It's possible this Amazon recruiting video from 2013 is super-old news (and here I use "news" as others use "literally"), but even if it is, damn, dude. "Life in Seattle" was presumably designed to lure reluctant brainboxes to a city (justly) famous for bad weather and bad attitudes. Though there are many subtexts in the clip, I will leave it to the internet to dissect the various strands of "privilege" that it flatters and seduces. The theme I'm fixated on is the one that says, "Don't worry. Seattle is not too cool for normals like us."

This bit of coded messaging anticipates what my excellent former Stranger colleague Josh Feit would call "double-reverse-backflip" snobbery in the snide lamentations about all the bros and woos crowding the mirrors at the Unicorn or whatever. "Not cool enough" is still a durable subcultural scold, all the more durable because it's unanswerable. Making lots of money remains the only reliable counterpunch. There's a lot more to the culture war, but let's not forget that anxiety, shame, and dread are the real invisible hands in this particular economy.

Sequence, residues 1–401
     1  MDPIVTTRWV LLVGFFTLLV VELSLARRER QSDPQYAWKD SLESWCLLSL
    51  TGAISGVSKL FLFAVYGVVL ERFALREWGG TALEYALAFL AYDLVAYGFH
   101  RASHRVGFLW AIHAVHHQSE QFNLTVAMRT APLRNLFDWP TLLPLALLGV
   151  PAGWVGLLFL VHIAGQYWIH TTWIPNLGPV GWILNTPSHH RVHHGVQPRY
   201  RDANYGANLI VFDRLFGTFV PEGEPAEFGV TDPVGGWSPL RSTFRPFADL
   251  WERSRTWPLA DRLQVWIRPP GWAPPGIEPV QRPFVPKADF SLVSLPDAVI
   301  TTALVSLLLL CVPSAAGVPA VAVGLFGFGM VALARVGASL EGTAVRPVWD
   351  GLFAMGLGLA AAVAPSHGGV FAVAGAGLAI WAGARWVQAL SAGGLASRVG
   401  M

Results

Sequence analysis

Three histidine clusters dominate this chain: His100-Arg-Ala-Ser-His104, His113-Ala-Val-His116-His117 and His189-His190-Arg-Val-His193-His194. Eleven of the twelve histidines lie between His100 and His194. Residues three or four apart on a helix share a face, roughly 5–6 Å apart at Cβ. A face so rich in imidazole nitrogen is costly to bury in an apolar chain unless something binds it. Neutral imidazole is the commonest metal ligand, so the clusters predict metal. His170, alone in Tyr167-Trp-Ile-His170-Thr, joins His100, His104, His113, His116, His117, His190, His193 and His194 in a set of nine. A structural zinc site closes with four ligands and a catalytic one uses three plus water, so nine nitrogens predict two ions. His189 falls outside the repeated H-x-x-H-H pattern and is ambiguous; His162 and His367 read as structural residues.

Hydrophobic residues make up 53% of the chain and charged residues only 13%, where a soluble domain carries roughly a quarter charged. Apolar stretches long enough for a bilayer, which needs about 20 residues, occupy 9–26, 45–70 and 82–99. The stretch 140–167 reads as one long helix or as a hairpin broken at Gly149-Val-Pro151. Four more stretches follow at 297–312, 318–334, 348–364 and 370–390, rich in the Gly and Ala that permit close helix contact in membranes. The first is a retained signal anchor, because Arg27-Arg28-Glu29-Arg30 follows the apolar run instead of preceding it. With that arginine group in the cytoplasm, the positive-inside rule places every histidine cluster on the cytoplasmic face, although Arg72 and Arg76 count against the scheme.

Since the great tech-worker influx continues to dominate what we can laughingly call the "conversation" about the changing "culture," demography, and vibe of our fair city, this basically innocuous video—which has the eerie, Parallax View-y social engineering dimension shared by all corporate videos—is weirdly revelatory. Like the Seattle it advertises, "Life in Seattle" has something for everyone: Cynics can scoff. Ironists can smirk. Social-media commenters can't even. But you have to admit: The city in the video wasn't so much a depiction as a prediction. And it appears to be coming true—much to the frustration and rage of a lot of people who feel like they took a little nap in the gutter only to wake up covered in hot asphalt.

There is obviously a massive gulf between life in Seattle and "Life in Seattle." It's worth wondering: Which side is the "other" Seattle, and for how much longer?